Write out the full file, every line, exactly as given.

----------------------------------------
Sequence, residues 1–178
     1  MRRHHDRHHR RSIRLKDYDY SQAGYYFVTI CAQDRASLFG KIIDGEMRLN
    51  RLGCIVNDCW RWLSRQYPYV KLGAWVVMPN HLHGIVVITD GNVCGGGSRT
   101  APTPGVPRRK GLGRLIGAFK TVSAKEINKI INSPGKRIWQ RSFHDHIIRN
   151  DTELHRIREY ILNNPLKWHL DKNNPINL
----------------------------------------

Sequence, residues 1–178
     1  MRRHHDRHHR RSIRLKDYDY SQAGYYFVTI CAQDRASLFG KIIDGEMRLN
    51  RLGCIVNDCW RWLSRQYPYV KLGAWVVMPN HLHGIVVITD GNVCGGGSRT
   101  APTPGVPRRK GLGRLIGAFK TVSAKEINKI INSPGKRIWQ RSFHDHIIRN
   151  DTELHRIREY ILNNPLKWHL DKNNPINL